Renter's Rights: Part 1

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RAPID CITY, S.D. (KEVN) - Your home is supposed to be your safe haven, but finding that place can be a daunting experience, and not everyone knows what to ask when looking, especially when you're renting.

Not asking the right questions can be costly.

We visit the apartment of one Rapid City woman who knows that firsthand.

It's part one of our two-part special report "Renter's Rights."

"It was not brought up. And I didn't think to ask because it's one of the farthest things from your mind," Jacquie Trople said.

On the night of May 18th, Jacquie Trople's basement apartment filled with 29 inches of water, which is this high, ruining 90 percent of her furniture and many other personal possessions.

Jacquie Trople has been living in this basement apartment near downtown Rapid City for two and a half years.

But on May 18th, flash flooding wrecked it and displaced her from her home.

Trople's apartment is not in a flood zone, and she says her landlord did not tell her it has flooded in the past.

"The neighbors around me who have lived here most of their lives said at least twice before it's been flooded. And it was the same reason, it's because the water came in off of Mount Rushmore Road," Jacquie Trople said.

And Trople is not alone in her situation.

Many South Dakotans rent a home or apartment without knowing everything about it.

Jody Gillaspie from the South Dakota Division of Consumer Protection in Pierre says her office receives hundreds of calls relating to landlords and tenants every year.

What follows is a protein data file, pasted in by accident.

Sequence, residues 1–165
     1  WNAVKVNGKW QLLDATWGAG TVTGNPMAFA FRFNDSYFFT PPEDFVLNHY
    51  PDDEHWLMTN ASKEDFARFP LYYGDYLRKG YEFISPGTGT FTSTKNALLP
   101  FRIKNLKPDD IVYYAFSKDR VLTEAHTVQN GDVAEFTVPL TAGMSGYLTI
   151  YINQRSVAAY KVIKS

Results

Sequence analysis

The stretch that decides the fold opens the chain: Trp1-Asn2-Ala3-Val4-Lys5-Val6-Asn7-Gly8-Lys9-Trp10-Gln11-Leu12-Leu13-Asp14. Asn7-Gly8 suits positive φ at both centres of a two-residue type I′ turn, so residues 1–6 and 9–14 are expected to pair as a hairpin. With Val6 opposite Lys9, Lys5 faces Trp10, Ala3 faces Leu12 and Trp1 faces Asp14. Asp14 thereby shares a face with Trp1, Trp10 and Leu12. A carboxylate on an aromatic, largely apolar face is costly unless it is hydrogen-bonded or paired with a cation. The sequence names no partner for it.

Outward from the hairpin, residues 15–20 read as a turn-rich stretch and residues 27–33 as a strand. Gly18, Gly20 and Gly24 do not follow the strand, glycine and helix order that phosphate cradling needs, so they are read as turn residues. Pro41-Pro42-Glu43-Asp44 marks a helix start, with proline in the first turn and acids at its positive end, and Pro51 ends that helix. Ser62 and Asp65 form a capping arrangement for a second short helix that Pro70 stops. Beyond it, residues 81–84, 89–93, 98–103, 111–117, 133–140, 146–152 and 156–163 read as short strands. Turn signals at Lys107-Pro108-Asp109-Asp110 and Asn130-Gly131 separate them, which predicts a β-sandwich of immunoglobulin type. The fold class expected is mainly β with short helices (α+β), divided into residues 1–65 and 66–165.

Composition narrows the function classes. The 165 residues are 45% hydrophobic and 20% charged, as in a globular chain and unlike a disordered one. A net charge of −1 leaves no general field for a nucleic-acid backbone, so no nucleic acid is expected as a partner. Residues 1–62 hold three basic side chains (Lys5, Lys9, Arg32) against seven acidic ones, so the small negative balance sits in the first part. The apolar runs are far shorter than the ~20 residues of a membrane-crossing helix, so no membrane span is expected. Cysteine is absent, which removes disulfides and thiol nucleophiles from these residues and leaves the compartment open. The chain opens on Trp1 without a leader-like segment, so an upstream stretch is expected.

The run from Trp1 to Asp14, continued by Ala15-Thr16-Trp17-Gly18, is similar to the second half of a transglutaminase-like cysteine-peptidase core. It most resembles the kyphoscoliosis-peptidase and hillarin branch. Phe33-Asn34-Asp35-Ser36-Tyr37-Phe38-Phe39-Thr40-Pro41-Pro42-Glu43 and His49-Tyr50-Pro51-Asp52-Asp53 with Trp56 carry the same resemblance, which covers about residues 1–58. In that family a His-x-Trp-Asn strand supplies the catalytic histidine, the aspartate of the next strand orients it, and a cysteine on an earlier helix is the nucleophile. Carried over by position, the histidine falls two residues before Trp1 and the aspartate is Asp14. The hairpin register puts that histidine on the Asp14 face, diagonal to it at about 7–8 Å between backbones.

"What our office, what Consumer Protection does, is tries to mediate or work with both the landlord and the tenant so it doesn't have to go to that next level, to see if we can get something worked out that's suitable to both parties," Jody Gillaspie said, director, South Dakota Consumer Protection Division.

So was Trople's landlord required to reveal the previous flooding?

The answer is "No."

However, Gillaspie says if you inquire about an apartment's past or features, the landlord should answer truthfully.

But how do you know what to ask?

"At this time underneath the lease of real property statutes, there isn't anything specific that they (landlords) are required to tell. As a tenant though, a potential tenant, there would be things that they could simply ask. Have you had bed bugs issues? Have you had any water issues? What are your heating costs?" Jody Gillaspie said.

Trople's basement apartment is almost completely renovated.

She says she feels comfortable moving back because her landlord is working to fix the problem.

"My landlord is making every effort towards remediating so the flood will not come up again. They're building a barrier and it's going to be trenched out and there are going to be other steps taken," Jacquie Trople said.

Trople says her story is a cautionary tale and hopes by sharing her experience, less people will suffer the same dilemma.

"Things are not always on the surface. You have to ask the right questions and if you get the opportunity, knock on the doors of the neighbors and ask them, Hey, I'm thinking about moving in here. What's the neighborhood like?" Jacquie Trople said.

While she had renter's insurance, it didn't actually cover any of the flooding damage so she had to fundraise to cover her costs.

On Wednesday we'll take a look at what else you should ask before renting.

We'll also look at steps you can take if you come across a valid problem with your apartment.

All of that and more in part two of "Renter's Rights."